A “Freedom Flotilla” is planning to sail for Gaza by the end of the month.
It will be the ninth expedition to try to reach Gaza by sea. According to the Free Gaza movement, this time it will be bigger and better than ever.
This time, there will be Turkish involvement.
This raises the stakes.
The Free Gaza movement is calling it “the biggest internationally coordinated effort to directly challenge Israeli’s ongoing occupation, aggression, and violence against the Palestinian people”.
The organizers apparently believe that, even if they don’t succeed in reaching their destination in Gaza, the publicity value alone, highlighting the blockade of Gaza, sufficiently justifies this attempt.
The last attempt to reach Gaza by sea was in June 2009 — then, Free Gaza ships were intercepted by the Israeli Navy off Gaza, and forced to proceed to the southern Israeli port of Ashdod, where the cargo was impounded (some of it was later transferred by land to Israeli crossings and sent into Gaza). The activists aboard were jailed before deportation.
The Government of Bahrain, which does not have formal diplomatic relations with Israel, sent a delegation to receive its arrested activists.
Now, a Turkish relief organization, IHH (Foundation for Human Rights and Freedoms and Humanitarian Relief, or Insani Yardim Vakfi), is making major preparations to participate in the coming “Freedom Flotilla”. The aim is to reach Gaza’s fishermens’ wharf by late May.
According to the organizers’ plans, the Freedom Flotilla will include as many as 9 boats, including several cargo ships, and perhaps five passenger ships with up to 600 high-profile international personalities, activists, and journalists aboard.
Some of the ships will reportedly be flying the Turkish flag.
This means that any Israeli attack on those ships would be considered tantamount to an attack upon Turkey.
Another one of the cargo ships, refurbished and outfitted in Ireland, has been re-named the MV Rachel Corrie, after the American solidarity activist who died, crushed by an Israeli military bulldozer — the IDF said the driver could not see her — while she was trying to prevent the demolition of a Palestinian home in southern Gaza.
The MV Rachel Corrie is Free Gaza ‘s first cargo ship (earlier vessels were rented), and plans to set sail in the coming days, after picking up its aid cargo in Cork. It will then to meet up with the other Freedom Flotilla ship vessels somewhere in the Mediterranean, before they all travel in convoy together to Gaza to deliver some 5,000 tons of humanitarian aid (including cement for reconstruction, which was removed from the cargo list of the last Free Gaza expedition in June 2009). See this Youtube video here.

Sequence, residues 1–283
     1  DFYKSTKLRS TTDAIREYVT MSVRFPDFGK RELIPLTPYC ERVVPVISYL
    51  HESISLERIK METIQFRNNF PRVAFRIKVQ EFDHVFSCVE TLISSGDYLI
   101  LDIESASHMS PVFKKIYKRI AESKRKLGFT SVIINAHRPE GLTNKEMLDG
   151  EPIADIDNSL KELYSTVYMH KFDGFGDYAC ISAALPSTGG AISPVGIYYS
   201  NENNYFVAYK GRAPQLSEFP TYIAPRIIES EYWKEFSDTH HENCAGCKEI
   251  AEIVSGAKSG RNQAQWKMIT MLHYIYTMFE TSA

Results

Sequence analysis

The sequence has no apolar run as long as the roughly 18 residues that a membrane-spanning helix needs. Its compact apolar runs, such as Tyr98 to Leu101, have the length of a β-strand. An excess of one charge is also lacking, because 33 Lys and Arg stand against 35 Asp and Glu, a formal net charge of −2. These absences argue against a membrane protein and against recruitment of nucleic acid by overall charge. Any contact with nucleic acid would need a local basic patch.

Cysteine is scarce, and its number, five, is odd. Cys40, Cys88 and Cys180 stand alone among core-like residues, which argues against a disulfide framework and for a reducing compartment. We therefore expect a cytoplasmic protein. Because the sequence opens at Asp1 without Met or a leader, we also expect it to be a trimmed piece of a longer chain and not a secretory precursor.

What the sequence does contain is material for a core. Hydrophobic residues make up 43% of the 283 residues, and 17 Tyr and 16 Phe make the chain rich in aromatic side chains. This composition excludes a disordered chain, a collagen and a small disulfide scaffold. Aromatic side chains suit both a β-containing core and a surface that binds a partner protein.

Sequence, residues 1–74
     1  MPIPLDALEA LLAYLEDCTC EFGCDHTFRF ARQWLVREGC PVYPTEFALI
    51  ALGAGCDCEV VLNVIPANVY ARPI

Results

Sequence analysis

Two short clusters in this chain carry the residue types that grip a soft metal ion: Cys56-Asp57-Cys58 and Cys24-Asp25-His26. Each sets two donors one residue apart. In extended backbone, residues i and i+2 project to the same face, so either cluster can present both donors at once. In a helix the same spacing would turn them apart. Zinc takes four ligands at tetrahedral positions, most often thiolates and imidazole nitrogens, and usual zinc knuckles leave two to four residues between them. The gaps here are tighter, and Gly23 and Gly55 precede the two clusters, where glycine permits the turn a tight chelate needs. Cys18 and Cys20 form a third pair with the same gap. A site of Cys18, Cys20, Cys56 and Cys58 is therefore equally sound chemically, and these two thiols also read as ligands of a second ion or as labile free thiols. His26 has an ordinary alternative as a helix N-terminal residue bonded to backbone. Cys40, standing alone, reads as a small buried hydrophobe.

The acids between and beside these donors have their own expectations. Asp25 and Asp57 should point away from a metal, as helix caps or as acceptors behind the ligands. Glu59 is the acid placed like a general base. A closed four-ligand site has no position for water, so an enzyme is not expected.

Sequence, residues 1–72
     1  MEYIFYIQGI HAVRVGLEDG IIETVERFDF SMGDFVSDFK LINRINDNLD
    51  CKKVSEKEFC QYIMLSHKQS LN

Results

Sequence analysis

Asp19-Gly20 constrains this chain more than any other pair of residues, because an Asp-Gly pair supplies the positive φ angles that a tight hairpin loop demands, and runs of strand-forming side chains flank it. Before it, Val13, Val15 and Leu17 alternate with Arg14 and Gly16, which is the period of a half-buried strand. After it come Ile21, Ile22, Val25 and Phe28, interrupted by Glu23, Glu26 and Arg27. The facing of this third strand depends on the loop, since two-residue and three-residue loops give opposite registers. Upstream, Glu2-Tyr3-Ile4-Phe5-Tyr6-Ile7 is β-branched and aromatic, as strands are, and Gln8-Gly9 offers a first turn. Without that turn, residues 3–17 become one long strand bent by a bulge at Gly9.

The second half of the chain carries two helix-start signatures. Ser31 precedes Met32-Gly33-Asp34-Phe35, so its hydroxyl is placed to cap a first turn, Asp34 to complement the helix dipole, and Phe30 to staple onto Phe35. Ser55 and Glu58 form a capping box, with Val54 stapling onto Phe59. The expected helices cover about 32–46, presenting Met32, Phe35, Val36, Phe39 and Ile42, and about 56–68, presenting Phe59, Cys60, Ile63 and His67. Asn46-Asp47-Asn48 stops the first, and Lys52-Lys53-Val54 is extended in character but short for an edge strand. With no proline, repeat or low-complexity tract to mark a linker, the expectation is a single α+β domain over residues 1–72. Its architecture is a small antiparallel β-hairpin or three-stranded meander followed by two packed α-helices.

Free Gaza organizer Mary Hughes Thompson said, “Although we were happy with the first trips, it was bitter-sweet, knowing that our small boats and symbolic amounts of relief paled in comparison to what was really needed in Gaza. Now, we finally feel we are helping to organize a powerful action, one with the potential to translate into a sustained campaign of much more effective challenges to Israel’s brutal siege.”
Israeli activist Jeff Halper, head of the Israeli Committee Against House Demolitions (ICAHD) said that “It seems like it’s a bigger expedition, with more people … and part of the idea is to keep trying … to rachet it up, in a PR sense”. Halper was on the first Free Gaza expedition into Gaza. He said in an interview with this reporter shortly after his return that he was received very warmly, and that many Gazans came up and spoke to him in Hebrew — a result of their long years of working in Israel, where they can no longer go, due to Israel’s policy of near-complete closure of the densely-populated Gaza Strip. Halper was arrested upon his return to Israel via the Erez border crossing from Gaza, but was freed on bail, and has not been summoned to court. (Israel has since declared that no visitors can exit Gaza from Erez if they entered Gaza from Rafah…)
Last year, just before the June 2009 Free Gaza expedition that was intercepted at sea and forced to proceed to Ashdod, Halper told me that he had heard that “UN forces” were a second level of interdiction operating in the Mediterranean Sea. It was impossible to find any clear information about this. Today, he said, “I’m not sure where all that is”.